Local News

Concerned Citizens Meet On Thursday Evening Over Ameren Site

On Thursday night, in front of the Christian County Courthouse, many concerned citizens gathered, along with Taylorville Mayor Bruce Barry, to discuss the issue at the Ameren Central Illinois Public Service (CIPS) Superfund Site. This site is located at 917 South Webster Street, right next to Manners Park. Ameren Illinois was in the process of cleaning up the site due to coal tar contamination. The hazardous material, a known carcinogen, was removed in 1987, but not before it contaminated the air and water supply.


Ameren Illinois is conducting an ISS Pilot project, and the public soon noticed an odor coming from it. The Illinois EPA says that the odors are not the result of the soil excavation. The excavation itself did not cause contamination. the excavation removed clean soil that was put in place as part of previous remedial activities. Contaminated soil that was left in place during past remedial activities is located at depth, below the current excavation. The source of the odors appeared to be contaminated soil that reached the surface as part of the pilot study being conducted by Ameren. However, this raised concerns among many members of the Taylorville community, as it reminded them of three decades ago when four families living near the site were forced to raise children with Neuroblastoma.


One of the affected mothers, Brenda "May" Gillenwater, was present at the Christian County Courthouse on Thursday night to share her experience. Her daughter was diagnosed with Neuroblastoma in the early '90s, and now, 30 years later, she is worried that history might repeat itself.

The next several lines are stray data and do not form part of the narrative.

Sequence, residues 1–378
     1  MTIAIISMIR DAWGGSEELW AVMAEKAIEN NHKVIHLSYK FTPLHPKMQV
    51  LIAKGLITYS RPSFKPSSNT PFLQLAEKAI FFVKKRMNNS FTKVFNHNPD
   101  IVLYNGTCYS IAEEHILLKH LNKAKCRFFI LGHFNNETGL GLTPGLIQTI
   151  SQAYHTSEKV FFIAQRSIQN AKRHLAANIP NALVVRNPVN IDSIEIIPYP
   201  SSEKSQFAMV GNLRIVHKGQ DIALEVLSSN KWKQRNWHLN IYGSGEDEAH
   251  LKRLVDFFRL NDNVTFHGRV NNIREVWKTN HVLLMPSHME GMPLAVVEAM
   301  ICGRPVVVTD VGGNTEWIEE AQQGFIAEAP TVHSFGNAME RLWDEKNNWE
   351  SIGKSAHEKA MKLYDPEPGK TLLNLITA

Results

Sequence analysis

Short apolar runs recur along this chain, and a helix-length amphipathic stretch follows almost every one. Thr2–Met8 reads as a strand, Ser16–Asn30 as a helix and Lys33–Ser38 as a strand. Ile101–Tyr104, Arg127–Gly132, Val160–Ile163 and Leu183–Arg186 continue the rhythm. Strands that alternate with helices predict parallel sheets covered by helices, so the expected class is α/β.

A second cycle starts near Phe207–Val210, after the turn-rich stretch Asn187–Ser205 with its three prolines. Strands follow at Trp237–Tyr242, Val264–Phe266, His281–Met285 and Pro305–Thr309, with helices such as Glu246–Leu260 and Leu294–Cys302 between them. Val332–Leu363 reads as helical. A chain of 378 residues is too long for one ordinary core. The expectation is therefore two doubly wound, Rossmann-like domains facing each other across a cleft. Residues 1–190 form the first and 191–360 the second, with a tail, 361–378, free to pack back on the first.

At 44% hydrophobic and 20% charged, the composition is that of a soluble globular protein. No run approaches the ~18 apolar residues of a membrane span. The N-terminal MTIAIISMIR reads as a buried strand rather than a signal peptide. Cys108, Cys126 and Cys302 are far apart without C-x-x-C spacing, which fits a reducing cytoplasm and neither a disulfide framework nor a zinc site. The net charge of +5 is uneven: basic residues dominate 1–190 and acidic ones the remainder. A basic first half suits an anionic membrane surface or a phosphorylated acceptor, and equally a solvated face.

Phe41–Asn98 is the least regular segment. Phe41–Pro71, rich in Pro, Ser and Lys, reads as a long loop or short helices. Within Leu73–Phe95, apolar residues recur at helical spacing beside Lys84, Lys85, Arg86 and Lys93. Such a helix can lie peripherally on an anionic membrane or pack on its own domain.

The main frustration voiced on Thursday night was the lack of documentation from the Illinois EPA, as well as the fact that the air monitoring is being conducted by Ameren, rather than a third-party provider. The Illinois EPA has stated that public comments were sought after and that copies of the plan were made available to the public at the library. 


Private investigator Bill Clutter, who was involved with the case in the 1990s and has continued to research and advocate for more answers, was also present at the courthouse on Thursday evening. He shared his frustrations about the difficulty in obtaining proper documentation from the EPA and expressed his desire to prevent history from repeating itself.


Taylorville Mayor Bruce Barry then addressed the gathering, mentioning that he has been actively making phone calls to address this issue. He pledged to continue advocating for third-party air monitoring.



For more information, you can visit the Facebook page "My Community, My Family - Taylorville Illinois".

Townhall Top of the Hour News

Weather - Sponsored By:


Local News

Facebook Feed - Sponsored By: